Warhammer 40k Darktide

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Warhammer 40k Darktide review
Dan Lenois


Another remarkably solid FPS entry in the Warhammer 40k franchise

Warhammer 40k has been a staple of PC gaming for years now, and has produced a vast max of both truly amazing, and also truly mediocre, titles. It's always a bit of a gamble when you first pick up a Warhammer 40k game, as to what you'll ultimately find inside. Luckily in the case of Warhammer 40k Darkide, the pros generally outweigh the also-present cons.

Recruited for only one purpose...

The narrative driving the events of Darktide are fairly straightforward. The player's character, as well as a few others, are recruited, by a high-ranking government official with a no-nonsense attitude, to undergo missions deemed too high-risk for any normal squad. You're sent off on seeming suicide missions, making your group something of a Suicide Squad. The story itself obviously paves very little new ground in terms of innovation, but it's a decent enough premise to get things moving. Like prior Fatshark-developed games, this is a game where actual gameplay takes precedence over all else, including narrative.

We've Got Incoming...

Combat is where the game consistently hits its peak. Few things are more satisfying than facing an entire horde of enemies and bashing multiple skulls with each single melee swing, or stagging the oncoming swarm by firing your grenade launcher into their midst and staggering them. There are a ton of moments where the player can legitimately feel the danger, albeit only on the harder difficulty levels. Playing the game on its easiest or normal difficulty settings will provide little in the way of either excitement or reward, but the more you dial up the difficulty, the more chaos you're signing up for, and Warhammer 40k Darktide is, at its best, a carnival of chaos.

The art design of each level is phenomenal. Outside of a handful of other existing games like Destiny 2, you'd be hard-pressed to find a more visually-appealing dystopian sci-fi co-op experience anywhere. The level design is fairly linear but well-paced. You always have just enough breathing space between those large-scale high-stakes encounters for your characters to banter with each other, a reminder that the game never takes itself entirely seriously. The boss fights that pop up in many of the levels are intense and often satisfying, forcing you to adopt different tactics in response to the boss' behavior. It's not exclusively just a "stand and shoot" type scenario.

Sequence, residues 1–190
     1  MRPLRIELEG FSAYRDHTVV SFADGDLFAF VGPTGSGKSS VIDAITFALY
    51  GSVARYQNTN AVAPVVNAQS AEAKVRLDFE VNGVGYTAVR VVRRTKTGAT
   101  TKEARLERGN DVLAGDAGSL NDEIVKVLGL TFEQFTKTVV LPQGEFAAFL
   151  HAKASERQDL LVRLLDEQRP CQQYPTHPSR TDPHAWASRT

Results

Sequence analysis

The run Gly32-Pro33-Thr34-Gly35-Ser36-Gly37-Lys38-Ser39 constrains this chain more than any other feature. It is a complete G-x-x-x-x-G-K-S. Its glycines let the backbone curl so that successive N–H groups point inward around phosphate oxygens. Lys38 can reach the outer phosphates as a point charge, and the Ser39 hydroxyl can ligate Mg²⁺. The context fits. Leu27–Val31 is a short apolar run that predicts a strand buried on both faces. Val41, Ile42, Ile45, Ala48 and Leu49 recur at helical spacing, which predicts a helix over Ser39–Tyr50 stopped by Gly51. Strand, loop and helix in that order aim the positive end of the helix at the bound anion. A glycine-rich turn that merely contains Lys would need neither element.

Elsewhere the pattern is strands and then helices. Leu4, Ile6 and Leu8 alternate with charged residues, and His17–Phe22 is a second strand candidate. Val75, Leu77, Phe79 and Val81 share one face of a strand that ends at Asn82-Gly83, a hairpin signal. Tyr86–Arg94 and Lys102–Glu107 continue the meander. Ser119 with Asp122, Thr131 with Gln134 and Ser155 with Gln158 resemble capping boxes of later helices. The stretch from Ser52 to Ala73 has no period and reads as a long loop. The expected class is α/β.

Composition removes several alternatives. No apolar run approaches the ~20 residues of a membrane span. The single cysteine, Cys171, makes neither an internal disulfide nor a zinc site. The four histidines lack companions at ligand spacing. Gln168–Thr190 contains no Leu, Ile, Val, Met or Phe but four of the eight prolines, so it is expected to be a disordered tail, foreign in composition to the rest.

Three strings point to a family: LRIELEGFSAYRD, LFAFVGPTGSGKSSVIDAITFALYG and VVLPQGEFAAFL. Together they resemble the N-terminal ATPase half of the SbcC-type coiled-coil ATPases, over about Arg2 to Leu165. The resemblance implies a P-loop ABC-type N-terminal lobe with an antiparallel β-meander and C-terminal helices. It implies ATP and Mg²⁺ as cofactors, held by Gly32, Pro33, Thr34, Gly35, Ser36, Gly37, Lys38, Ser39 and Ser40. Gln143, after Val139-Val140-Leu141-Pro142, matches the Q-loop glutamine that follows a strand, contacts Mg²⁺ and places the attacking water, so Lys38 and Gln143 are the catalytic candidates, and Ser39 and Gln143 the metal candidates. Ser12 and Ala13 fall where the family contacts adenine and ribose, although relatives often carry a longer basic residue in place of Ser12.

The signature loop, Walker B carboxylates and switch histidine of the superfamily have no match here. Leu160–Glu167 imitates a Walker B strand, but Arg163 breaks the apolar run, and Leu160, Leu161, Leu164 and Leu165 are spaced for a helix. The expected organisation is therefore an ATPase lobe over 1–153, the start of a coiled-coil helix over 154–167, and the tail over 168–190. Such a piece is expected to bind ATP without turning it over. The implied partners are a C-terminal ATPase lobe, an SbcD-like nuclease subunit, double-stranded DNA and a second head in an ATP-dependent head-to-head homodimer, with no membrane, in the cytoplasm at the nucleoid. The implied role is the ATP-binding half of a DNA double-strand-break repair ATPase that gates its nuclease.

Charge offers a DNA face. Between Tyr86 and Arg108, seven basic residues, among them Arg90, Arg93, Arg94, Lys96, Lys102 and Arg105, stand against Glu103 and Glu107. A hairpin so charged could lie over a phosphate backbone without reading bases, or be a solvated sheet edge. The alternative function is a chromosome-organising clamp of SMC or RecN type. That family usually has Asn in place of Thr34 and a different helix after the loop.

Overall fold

Progression comes in many forms...

Progression is one area where the game doesn't really impress. The game's narrative story is broken up into chunks, locked behind character levelling progress, forcing the player to stop and spend hours grinding to level up before being able to resume the campaign. This stop-go-stop-go story progression is neither particularly enjoyable nor well-implemented. The bizarre way in which players unlock weapons is likewise a tad poorly thought-out. While players can unlock new weapons by levelling up, they usually have to buy said weapons from a weapons vendor using in-game free currency, earnable by completing levels.

The vendor will offer only a handful of weapons at a time, rotating the selection every time you finish a mission. All the weapons have randomized gear scores and slightly varying stats. Simply unlocking access to the weapon merely enables it to potentially show up in the vendor's list of purchasable weapons. This system isn't entirely made clear to the player, which may create some confusion for new players. It feels as if this system, similar to those seen in Destiny 2 or Marvel's Avengers, was initially designed with paid weapons and other pay-to-win elements in mind, before eventually being scrapped later in development.

Good performance always matters...

There have been a lot of claims regarding the game's performance on systems running lower technical specifications. While the game does definitely demand a somewhat-beefy PC in order to run at higher resolution settings like 4k, it ran fairly smoothly on this end, when tested in 1080p on a desktop running a Nvidia 2070 GTX gpu, an intel i7-7770k processor, and 16 GBs RAM, as well as in 1400p on a laptop running a Nvidia 3070 RTX gpu and otherwise identical specs. During large-scale enemy encounters, there would be notable spikes in GPU and CPU usage, but nothing that dramatically impacted the overall performance. However, it's worth noting that if this is the experience on higher-end systems, Fatshark probably should have taken advantage of the game's delayed release date to double-down on optimization, rather than doing so post-launch.

Final Thoughts:

Warhammer 40k Darktide is an excellent sci-fi co-op FPS experience that will likely be enjoyed for years to come. While not quite reaching the same quality level of their initial Warhammer 40k End Times: Vermintide title back in 2015, Darktide is something that both diehard Warhammer fans, and co-op FPS fans in general, can mutually appreciate.

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fun score


Excellent FPS mechanics, great level design, and fun character interactions


Slightly excessive grind, limited content, and generic story elements